EdU labeling

EdU is a thymidine analog whose incorporation can be used like BrdU to label cells undergoing DNA replication [51]. Cells at a concentration of 5 × 104 cells per well were cultured in 24-well plates for 24 h, and then exposed to 50 μM of EdU for additional 3 h at 37°C. Thereafter, 4% formaldehyde was used for cell fixation for 15 min. Then cells were treated with 0.5% Triton X-100 for 10 min at room temperature. After washed with PBS, cells were treated with 200 μl of 1xApollo® reaction cocktail for 30 min. Subsequently, cells of each well were stained with 200 ul of Hoechst 33342 (5 μg/ml) for 30 min and visualized under a fluorescent microscope.

Western blotting

Cells or mice tissues were lysed using RIPA buffer (Thermo Pierce) containing protease inhibitors cocktail (Roche) according to the manufacturer’s instruction. Proteins lysates were separated by electrophoresis in 10% SDS polyacrylamide gels and transferred to PVDF membranes (Millipore). 1.5 h after blocking in 5% nonfat milk, membranes were probed by primary antibodies that were specific to DMTF1 (1:1000, Abcam), p53 (1:2000, Abcam), Arf (1:2000, Abcam), p21 (1:1000, Cell signaling technology), as well as α-tulin (1:1000, Cell signaling technology) and Hsp70 (1:1000, Cell signaling technology) as reference controls. Horseradish peroxidase-conjugated secondary antibodies (1:1000 or 1:2000, Cell signaling technology) and an Immobilon™ Western chemiluminescent ECL kit (Millipore) were used to detect bound antibody.

Vector construction and luciferase activity assay

The ORF sequence of DMTF1 was amplified with PCR (TaKaRa) and cloned into pCDNA3.1 (-) vector (Promega). The 3′UTR sequence of DMTF1 containing miR-155 binding site was amplified and cloned into the psiCHECK2 vector (Promega) for wild-type 3′UTR construction. Mutant 3′UTR was established from these wide-type vectors by using Easy mutagenesis system (TransGen Biotech) under the working manuals. All primers were shown in Supplementary Table S1.

H293T cells with 90% confluence were seeded in 12-well plates for co-transfection of 50 nmol/L miRNA oligos and 1 ug constructed psiCHECK2 vectors by Lipofectamine 2000 reagent (Invitrogene). Then luciferase activity assay was conducted by Dual-Luciferase Reporter Assay System (Promega) according to instructions. Firefly luciferase activity was normalized to Renilla luciferase activity, with ratios of firefly luciferase vlaues/renilla luciferase values presented.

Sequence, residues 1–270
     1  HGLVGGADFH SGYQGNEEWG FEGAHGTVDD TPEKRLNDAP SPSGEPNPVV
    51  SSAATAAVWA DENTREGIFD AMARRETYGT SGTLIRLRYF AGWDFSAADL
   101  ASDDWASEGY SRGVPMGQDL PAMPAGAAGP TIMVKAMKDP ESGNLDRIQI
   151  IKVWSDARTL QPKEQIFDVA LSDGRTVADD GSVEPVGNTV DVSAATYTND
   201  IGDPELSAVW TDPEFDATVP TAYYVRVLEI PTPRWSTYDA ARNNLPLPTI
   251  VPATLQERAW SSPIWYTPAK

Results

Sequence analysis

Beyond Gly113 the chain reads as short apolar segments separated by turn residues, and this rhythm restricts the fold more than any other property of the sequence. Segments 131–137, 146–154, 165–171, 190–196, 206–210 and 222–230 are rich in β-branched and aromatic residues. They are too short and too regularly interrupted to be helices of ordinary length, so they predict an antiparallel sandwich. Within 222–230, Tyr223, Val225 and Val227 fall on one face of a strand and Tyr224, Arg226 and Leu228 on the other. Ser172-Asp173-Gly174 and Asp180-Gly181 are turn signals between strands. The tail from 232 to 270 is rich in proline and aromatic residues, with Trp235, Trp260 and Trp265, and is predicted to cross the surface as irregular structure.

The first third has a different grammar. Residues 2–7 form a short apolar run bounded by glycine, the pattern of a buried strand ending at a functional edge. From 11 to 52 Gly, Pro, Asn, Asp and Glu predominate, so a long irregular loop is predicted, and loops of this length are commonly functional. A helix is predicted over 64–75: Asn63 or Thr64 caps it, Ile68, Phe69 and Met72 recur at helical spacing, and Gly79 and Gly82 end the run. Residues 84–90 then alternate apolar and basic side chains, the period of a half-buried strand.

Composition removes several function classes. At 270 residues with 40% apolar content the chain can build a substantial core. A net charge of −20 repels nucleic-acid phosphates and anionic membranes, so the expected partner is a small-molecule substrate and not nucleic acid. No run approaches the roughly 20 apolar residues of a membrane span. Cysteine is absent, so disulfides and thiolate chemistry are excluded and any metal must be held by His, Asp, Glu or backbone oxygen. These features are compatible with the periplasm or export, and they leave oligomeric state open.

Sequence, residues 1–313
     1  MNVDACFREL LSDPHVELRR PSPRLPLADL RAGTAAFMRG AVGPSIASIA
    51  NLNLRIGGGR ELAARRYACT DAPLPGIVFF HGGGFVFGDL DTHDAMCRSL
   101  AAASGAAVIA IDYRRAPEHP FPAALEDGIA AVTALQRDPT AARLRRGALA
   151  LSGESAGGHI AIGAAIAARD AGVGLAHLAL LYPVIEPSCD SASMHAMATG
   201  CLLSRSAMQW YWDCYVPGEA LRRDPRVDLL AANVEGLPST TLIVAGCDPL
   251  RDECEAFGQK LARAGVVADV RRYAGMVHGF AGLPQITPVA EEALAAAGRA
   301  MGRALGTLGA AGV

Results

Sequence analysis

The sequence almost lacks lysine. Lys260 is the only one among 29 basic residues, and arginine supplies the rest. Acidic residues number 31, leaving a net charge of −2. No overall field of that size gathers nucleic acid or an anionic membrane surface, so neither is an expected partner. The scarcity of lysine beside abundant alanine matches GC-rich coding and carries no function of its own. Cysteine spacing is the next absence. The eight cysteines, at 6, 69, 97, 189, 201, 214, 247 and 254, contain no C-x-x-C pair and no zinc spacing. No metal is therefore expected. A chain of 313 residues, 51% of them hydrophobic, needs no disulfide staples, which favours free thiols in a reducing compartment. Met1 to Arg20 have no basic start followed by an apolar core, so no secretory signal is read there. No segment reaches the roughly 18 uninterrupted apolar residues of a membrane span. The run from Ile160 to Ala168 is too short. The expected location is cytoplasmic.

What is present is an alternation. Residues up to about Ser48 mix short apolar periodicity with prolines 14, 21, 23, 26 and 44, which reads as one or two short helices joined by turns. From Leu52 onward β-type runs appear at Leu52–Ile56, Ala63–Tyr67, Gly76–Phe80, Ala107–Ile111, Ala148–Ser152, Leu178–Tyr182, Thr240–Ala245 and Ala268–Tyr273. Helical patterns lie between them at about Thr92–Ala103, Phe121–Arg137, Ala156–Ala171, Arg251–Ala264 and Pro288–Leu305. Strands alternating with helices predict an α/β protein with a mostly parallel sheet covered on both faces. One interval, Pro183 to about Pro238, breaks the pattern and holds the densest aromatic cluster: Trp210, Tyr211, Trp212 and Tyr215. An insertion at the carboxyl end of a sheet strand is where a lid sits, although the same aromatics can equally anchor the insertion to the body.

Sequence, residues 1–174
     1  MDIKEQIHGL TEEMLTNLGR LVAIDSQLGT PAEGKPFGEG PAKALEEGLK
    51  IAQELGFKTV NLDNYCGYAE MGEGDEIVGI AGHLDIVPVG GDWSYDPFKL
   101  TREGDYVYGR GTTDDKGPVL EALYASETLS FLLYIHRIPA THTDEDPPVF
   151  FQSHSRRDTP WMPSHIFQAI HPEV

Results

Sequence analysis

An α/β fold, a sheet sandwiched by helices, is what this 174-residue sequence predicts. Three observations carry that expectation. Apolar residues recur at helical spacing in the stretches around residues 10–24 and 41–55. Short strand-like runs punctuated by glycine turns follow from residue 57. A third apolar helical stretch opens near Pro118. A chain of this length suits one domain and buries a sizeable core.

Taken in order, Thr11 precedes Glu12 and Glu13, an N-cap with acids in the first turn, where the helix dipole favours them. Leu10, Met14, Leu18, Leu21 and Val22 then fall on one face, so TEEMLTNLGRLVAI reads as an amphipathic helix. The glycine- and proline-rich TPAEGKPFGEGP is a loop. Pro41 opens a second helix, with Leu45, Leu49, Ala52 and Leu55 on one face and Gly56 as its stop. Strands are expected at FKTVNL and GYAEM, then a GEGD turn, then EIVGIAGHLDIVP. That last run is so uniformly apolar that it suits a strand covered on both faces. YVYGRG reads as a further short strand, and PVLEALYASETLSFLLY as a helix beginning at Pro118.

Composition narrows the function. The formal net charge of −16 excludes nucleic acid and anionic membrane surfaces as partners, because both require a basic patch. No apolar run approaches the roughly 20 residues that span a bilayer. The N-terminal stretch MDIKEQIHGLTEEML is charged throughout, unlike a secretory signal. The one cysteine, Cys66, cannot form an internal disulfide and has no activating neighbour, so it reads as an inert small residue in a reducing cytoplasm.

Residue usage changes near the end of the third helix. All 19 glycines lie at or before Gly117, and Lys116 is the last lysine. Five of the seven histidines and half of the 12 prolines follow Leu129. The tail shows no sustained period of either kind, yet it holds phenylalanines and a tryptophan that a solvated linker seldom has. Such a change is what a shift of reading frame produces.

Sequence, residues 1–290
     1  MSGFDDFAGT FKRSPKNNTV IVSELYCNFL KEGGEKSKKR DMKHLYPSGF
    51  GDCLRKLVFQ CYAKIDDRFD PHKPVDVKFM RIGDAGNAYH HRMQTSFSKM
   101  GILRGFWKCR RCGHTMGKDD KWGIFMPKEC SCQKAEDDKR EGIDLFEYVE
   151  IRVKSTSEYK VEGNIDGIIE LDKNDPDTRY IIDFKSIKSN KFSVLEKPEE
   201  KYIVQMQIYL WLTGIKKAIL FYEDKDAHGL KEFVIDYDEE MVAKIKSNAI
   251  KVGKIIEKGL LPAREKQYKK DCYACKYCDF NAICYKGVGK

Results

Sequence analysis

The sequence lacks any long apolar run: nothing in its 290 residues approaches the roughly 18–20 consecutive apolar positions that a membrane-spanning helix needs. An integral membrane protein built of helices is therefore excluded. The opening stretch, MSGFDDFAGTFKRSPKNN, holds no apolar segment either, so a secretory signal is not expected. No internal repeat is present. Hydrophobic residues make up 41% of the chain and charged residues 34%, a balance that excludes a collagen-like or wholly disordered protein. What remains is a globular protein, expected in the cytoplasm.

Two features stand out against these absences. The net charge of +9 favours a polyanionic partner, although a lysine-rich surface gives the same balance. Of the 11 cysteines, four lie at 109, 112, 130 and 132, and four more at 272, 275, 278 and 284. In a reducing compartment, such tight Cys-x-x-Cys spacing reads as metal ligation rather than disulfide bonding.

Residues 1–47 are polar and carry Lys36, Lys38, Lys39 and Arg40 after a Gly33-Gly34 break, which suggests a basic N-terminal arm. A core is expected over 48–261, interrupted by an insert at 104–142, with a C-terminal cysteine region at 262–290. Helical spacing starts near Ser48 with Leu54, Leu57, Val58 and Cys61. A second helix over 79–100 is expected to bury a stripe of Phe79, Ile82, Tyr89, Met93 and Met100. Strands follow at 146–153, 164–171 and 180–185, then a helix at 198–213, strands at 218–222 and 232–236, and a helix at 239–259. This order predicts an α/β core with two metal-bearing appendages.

Animal models

Male BALB/c-nude mice, aged 4–5 weeks were purchased from the Experimental Animal Center of Sun Yet-sen University. All experimental protocols were approved by the ethics committee. LV-NC or LV-miR-155 infected cells were harvested by trypsinization and resuspended in PBS, reaching a total number of 3 × 106 per 100 ul. LV-miR-155 cells were subcutaneously injected into the right side, while the control cells were injected into the left side. On day 10, tumors became visible, at a diameter of nearly 2 mm. Afterwards, tumor size was measured every 2 days and calculated by the formula: tumor volume (TV) = length × width2 × 0.5 [9]. All nude mice were sacrificed on day 20. Tumor tissues were collected for RNA and protein extraction.

Statistical analysis

Statistical analyses were performed on SPSS 13.0 software (SPSS Inc.). All quantitative results were presented as the mean ± standard deviation (SD) of three independent experiments. The significance of the differences between two groups, unless for paired comparison which was noted specially, was conducted with a two-tailed Student’s t-test. The correlations between miR-155 and clinical characteristics were analyzed by Chi-square test. P-values < 0.05 were considered to be statistically significant.